Just months after projecting a surplus of $5.6 billion, Gov. Gavin Newsom walked through his plans to close a $54 billion shortfall on Thursday, as he presented California’s first budget proposal of the COVID-19 era.
The national economic upheaval brought on by this year’s coronavirus pandemic has resulted in a precipitous drop in state revenue, and public education constitutes the lion’s share of spending in California. Under Proposition 98 formulas, the guaranteed funding level for public schools and community colleges has declined by 23 percent, falling about $19 billion short of what was anticipated back in January.
Meanwhile, schools are facing increasing demands in the wake of the pandemic, and social distancing measures — such as having fewer students in a classroom — would require additional investments.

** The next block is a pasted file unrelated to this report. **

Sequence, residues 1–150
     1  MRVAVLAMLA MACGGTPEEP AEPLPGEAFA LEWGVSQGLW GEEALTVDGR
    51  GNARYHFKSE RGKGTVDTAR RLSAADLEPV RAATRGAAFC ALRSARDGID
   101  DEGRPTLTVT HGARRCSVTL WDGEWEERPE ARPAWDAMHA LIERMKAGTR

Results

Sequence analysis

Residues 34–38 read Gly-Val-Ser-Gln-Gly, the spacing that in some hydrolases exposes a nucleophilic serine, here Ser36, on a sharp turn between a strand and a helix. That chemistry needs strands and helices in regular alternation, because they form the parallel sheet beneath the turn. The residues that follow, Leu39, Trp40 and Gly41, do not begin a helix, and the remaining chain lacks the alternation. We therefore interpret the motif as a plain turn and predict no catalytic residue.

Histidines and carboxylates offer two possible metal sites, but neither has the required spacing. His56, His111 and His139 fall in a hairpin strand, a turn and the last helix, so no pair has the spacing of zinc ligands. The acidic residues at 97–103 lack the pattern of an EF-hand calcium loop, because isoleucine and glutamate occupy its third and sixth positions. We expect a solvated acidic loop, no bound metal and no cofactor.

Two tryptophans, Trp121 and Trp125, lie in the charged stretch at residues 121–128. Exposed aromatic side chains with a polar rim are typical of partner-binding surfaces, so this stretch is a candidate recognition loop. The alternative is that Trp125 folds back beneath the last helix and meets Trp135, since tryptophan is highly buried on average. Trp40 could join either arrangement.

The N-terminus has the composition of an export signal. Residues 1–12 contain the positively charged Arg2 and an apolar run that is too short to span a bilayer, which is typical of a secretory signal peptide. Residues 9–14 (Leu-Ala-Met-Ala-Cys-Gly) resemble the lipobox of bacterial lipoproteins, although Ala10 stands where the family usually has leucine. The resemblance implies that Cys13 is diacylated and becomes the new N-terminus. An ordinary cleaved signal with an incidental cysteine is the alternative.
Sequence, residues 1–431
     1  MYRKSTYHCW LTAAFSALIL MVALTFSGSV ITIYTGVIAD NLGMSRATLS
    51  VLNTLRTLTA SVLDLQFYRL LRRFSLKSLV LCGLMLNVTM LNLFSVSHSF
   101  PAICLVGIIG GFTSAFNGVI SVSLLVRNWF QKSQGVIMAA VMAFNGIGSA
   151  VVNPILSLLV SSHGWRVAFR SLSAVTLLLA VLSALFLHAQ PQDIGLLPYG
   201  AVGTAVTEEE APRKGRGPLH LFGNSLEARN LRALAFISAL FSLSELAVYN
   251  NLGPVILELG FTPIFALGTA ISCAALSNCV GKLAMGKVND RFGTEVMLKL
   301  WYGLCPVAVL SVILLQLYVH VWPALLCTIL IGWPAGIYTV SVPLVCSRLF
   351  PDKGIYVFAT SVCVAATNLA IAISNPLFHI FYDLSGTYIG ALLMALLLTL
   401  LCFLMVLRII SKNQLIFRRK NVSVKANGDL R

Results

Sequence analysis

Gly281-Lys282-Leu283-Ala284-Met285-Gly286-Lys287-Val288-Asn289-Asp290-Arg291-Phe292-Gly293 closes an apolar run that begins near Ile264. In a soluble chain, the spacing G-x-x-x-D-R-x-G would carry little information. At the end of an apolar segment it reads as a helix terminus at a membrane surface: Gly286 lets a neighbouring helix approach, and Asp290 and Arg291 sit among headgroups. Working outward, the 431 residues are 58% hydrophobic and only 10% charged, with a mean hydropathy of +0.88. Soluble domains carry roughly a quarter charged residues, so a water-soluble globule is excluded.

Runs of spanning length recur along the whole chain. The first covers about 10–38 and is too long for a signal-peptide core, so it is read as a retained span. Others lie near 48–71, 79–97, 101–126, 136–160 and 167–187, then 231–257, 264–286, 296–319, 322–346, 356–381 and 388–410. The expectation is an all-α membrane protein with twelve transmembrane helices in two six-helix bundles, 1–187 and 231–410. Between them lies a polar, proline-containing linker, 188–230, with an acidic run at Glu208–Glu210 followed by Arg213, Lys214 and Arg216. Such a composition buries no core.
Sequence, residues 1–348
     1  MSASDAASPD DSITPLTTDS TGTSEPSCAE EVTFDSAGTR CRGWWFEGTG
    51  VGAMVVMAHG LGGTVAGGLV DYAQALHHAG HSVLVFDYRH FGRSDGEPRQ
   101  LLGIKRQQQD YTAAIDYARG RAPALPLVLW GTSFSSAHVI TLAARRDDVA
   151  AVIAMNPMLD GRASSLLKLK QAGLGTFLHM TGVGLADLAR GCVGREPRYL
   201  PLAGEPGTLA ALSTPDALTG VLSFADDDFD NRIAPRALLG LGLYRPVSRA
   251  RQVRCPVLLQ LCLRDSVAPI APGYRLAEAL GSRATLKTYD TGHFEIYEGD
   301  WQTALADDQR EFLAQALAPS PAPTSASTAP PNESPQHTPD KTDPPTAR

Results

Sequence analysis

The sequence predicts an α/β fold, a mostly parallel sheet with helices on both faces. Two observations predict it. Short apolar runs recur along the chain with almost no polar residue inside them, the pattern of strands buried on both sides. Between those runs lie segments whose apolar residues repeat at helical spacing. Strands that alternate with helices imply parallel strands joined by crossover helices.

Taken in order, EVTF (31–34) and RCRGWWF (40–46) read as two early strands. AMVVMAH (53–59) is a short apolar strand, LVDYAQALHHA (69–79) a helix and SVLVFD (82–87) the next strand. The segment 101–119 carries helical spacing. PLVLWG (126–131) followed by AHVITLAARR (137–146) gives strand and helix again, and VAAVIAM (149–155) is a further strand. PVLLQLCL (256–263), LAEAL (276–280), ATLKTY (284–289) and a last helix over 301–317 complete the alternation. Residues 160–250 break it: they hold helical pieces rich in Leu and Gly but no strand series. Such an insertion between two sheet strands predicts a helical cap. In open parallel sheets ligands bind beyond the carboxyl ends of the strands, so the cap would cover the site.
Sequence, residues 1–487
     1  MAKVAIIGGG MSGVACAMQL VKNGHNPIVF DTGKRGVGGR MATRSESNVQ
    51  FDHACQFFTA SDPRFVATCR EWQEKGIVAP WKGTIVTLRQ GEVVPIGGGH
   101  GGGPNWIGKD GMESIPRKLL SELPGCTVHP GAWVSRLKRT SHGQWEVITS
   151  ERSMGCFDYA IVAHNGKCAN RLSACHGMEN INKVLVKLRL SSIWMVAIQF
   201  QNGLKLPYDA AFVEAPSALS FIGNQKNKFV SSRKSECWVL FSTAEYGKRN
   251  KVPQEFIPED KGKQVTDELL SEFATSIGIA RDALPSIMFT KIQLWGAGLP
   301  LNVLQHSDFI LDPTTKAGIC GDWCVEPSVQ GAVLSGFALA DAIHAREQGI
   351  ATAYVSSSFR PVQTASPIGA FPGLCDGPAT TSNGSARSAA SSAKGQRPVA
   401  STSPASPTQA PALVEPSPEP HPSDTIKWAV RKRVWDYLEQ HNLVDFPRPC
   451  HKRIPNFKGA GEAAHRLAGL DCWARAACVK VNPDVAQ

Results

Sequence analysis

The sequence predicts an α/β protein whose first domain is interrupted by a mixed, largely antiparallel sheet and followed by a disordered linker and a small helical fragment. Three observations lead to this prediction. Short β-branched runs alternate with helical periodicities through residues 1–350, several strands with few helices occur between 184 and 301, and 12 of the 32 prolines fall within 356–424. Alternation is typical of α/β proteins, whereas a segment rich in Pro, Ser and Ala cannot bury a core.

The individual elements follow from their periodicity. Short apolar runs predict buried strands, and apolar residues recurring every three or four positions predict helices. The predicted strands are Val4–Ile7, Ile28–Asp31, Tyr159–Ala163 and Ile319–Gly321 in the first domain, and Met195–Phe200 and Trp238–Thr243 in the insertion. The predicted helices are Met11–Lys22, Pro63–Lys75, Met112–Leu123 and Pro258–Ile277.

Newsom proposed to bridge the gap through a combination of cuts, deferrals, federal spending, flexibilities and the reallocation of dollars that were previously earmarked for paying down unfunded pension liabilities.
Each year, the May Revise allows the governor to present new spending proposals against updated numbers as lawmakers enter the home stretch of passing a budget. But in the wake of the COVID-19 crisis, this year’s presentation took on a new sense of urgency, with collapsing state revenue leading to difficult choices.
California has built up a “rainy day fund” in recent years. But that pot, which currently stands at about $16 billion, amounts to less than one-third of the current projected deficit.
Newsom said his plan reflects the state’s intent to protect public health, public safety and public education while providing assistance to struggling Californians.
“COVID-19 has caused California and economies across the country to confront a steep and unprecedented economic crisis — facing massive job losses and revenue shortfalls,” the governor said. “Our budget today reflects that emergency. We are proposing a budget to fund our most essential priorities — public health, public safety and public education – and to support workers and small businesses as we restart our economy.”